5 Unique Ways to Get Backlinks to Your Website

Today’s guest post is from Sarah Boisvert, who is an author who writes on a wide range of topics from small business to investing to high technology. She also covers social media and has written profiles of Bill Gates, Steve Wynn, and Chuck Hull.
Spider web image for 5 Unique Ways to Get Backlinks to Your Websites

Backlinks help readers find your website in the tangle of the Web! [Photo credit: Tina Phillips via FreeDigitalPhotos.com]

In this Internet age, websites are key to selling every product and service from books to videos and speaking engagements to webinars. But having a website is just the beginning. To get potential customers to find your specific website in the tangle of the Web requires having a high page rank for your keywords in search engines like Google.

Search algorithms increasingly rely upon backlinks to evaluate content strength. The logic goes that if a website is mentioned with a hyperlink to it on another website, then the content must be valuable to readers.

Knowing this, some webmasters went overboard creating links to hundreds of sites. Many of these backlinks also had no relationship to the subject matter or were connected to sites that bordered on spam.

Google responded to these tactics intended to “fool” the system, of course, and now includes relevance of subject matter in their algorithms. Consequently, backlinks of good quality are essential to driving more traffic to your website.

While it takes a little more effort now to get good backlinks, there are many unique ways to be sure your website stays within Google guidelines. Here are some tips to get you started.

Partner with Smaller Vendors

Large vendors like Amazon have established backlink programs for authors and product suppliers, but don’t ignore the smaller outlets. Get a list from your distributor of stores that carry your books and contact the manager or owner about backlinks. Organizations that hire you to speak are also a good source of backlinks. Of course, you’ll need to reciprocate and link back to these vendors on your website, but that is just good business for everyone.

Befriend Bloggers

Bloggers are always searching for new topics for blog posts. By searching for top bloggers in your subject area, you can build a list of potential websites for backlinks.

Perhaps they could include a book or podcast review, an interview before an upcoming book signing or speech, or a general interest story. This provides an opportunity for the blog to link to your website. As before, you need to be a good member of the online community and reciprocate. You can do something simple like create a page of News and Reviews with links and a brief description.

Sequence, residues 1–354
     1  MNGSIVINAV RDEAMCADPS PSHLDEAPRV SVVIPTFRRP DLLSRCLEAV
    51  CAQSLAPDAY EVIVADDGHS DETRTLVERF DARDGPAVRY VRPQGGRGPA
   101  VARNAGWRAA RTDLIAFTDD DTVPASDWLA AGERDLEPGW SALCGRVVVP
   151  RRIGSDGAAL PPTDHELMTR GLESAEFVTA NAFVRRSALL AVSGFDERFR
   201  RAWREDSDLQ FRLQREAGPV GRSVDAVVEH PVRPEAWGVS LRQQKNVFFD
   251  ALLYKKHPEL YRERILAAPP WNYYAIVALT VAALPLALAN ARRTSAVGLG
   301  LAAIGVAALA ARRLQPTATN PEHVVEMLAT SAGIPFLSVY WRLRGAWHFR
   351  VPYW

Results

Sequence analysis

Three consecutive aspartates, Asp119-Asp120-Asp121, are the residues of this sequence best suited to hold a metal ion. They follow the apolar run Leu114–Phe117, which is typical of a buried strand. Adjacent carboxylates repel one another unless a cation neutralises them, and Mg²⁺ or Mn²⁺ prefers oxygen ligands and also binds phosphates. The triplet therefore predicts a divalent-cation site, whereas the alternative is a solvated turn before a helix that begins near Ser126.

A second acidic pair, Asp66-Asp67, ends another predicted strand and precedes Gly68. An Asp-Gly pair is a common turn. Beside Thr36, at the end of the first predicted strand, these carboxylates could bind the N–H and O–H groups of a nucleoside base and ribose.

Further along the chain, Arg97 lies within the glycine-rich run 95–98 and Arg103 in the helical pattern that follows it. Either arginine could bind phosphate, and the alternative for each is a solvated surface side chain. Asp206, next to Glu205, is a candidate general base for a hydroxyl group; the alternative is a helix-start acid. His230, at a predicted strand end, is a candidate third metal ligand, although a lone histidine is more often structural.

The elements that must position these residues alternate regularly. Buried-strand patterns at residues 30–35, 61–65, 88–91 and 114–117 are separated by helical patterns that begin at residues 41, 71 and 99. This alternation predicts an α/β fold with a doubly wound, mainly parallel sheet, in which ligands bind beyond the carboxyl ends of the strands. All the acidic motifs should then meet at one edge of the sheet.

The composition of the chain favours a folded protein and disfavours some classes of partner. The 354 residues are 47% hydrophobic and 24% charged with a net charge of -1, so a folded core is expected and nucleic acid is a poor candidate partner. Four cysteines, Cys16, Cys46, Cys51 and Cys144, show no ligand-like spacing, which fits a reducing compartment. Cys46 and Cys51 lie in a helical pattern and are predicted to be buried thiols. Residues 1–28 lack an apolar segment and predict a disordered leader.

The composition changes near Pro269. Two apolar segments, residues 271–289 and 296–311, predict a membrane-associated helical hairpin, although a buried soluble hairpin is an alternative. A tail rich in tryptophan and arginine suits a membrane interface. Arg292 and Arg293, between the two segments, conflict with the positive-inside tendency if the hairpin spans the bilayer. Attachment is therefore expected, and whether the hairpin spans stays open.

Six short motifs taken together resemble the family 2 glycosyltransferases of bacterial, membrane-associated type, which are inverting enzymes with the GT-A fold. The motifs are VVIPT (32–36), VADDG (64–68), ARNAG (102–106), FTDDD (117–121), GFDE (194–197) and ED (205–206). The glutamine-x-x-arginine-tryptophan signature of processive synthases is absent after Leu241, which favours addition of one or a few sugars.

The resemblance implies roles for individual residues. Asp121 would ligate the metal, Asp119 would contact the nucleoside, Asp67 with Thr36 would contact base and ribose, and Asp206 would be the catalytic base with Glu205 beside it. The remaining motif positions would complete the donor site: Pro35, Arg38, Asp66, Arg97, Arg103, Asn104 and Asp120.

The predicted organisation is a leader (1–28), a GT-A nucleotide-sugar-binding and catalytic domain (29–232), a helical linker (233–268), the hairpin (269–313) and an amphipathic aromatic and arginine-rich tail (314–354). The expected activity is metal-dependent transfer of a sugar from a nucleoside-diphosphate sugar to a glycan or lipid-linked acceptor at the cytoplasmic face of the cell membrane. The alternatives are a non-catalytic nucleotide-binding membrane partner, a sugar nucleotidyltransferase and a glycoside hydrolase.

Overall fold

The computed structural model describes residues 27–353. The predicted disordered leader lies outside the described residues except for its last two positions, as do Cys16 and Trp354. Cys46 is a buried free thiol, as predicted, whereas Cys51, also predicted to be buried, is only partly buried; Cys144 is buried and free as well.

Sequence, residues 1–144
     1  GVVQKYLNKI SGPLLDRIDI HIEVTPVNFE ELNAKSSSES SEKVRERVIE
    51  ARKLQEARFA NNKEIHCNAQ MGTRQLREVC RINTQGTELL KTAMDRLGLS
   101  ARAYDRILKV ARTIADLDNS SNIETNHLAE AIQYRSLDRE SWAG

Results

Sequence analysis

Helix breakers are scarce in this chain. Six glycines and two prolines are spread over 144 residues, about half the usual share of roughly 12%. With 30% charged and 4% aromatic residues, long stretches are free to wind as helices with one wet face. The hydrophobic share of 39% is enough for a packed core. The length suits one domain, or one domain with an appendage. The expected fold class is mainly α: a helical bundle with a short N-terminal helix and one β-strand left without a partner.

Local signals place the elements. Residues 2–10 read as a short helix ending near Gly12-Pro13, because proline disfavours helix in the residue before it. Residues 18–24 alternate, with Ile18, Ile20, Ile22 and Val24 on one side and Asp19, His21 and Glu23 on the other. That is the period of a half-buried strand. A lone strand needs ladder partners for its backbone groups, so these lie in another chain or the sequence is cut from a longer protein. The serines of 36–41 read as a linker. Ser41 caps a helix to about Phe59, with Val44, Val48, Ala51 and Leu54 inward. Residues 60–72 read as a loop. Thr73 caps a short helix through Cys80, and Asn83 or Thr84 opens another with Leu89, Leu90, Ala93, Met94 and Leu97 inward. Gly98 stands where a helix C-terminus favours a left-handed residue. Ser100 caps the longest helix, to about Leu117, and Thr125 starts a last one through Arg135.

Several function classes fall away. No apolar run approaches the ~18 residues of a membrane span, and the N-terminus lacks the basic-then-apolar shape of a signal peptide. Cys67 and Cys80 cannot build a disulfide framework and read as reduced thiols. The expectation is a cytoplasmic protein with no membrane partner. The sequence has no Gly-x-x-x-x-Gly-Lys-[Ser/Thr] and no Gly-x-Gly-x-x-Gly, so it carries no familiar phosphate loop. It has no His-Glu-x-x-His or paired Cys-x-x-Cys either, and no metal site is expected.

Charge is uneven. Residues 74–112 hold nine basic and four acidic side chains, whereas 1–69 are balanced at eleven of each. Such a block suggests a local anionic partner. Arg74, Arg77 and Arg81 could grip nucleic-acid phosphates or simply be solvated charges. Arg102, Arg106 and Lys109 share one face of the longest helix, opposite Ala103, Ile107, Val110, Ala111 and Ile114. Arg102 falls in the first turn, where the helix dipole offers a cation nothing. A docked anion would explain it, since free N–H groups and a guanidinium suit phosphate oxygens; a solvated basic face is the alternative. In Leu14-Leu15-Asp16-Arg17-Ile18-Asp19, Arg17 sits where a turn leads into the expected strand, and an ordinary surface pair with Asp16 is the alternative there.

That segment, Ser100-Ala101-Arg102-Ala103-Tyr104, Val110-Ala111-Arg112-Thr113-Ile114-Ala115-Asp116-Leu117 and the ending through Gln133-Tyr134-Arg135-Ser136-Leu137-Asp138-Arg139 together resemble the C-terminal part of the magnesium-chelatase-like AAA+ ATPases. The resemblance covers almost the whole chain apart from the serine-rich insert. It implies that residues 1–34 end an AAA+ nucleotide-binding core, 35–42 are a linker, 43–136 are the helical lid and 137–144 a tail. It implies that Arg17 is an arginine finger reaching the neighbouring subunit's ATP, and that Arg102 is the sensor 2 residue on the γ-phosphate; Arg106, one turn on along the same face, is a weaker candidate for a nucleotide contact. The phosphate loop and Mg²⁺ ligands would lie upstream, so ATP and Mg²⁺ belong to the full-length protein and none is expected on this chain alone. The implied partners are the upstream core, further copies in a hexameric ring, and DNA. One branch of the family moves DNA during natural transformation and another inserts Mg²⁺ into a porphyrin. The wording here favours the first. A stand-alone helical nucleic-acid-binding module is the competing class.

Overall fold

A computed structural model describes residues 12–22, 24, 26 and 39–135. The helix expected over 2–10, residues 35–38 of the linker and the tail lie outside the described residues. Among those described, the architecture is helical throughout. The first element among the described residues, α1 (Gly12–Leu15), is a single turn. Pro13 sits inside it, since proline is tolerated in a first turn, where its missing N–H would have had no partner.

Twitter logo used in 5 Unique Ways to Get Backlinks to Your Website

Twitter is filled with media writers and bloggers [Image credit: Twitter]

Social Media

Twitter is a great social media platform for finding writers and bloggers who might be interested in reciprocal links. The Twitterverse is full of media types from national, local and international news agencies as well as bloggers covering everything you can imagine. Search for some keywords from your field and create lists of the writers you find.

There are rules of etiquette that accompany being a good member of the community. First, you’ll need to engage with the writers or bloggers, getting to know them in Cyberspace. Once you’ve established credibility and demonstrated that you’re not a spammer, you can ask for a backlink. Most Tweeters who “know” you are happy to comply.

Trade Associations and Other Organizations

Trade associations or other organizations are always happy to promote members. Often they will publish news about individual members or business and corporate members and include a backlink. This is true for every type of group from your local Chamber of Commerce to the national alumni association of your college alma mater. Get to know the membership director or IT specialist to see what kinds of backlinks they can provide.

Don’t Forget Fans or User Groups

It goes without saying that fans are always willing to help out since they are happy customers who want you to succeed. Reach out through your database or blog, but again, you don’t want to be a spammer! Limit the number of requests and, if possible, offer an incentive such as a small gift card or a promotional item.

Working on backlinks has an additional benefit beyond search engine optimization. You’ll be interacting more with the world, and it’s through being visible that good PR opportunities also arise. Following these five tips, you’ll be sure to increase sales of all your products and services through a variety of channels.

Testimonials Are Music to a Brand’s Ears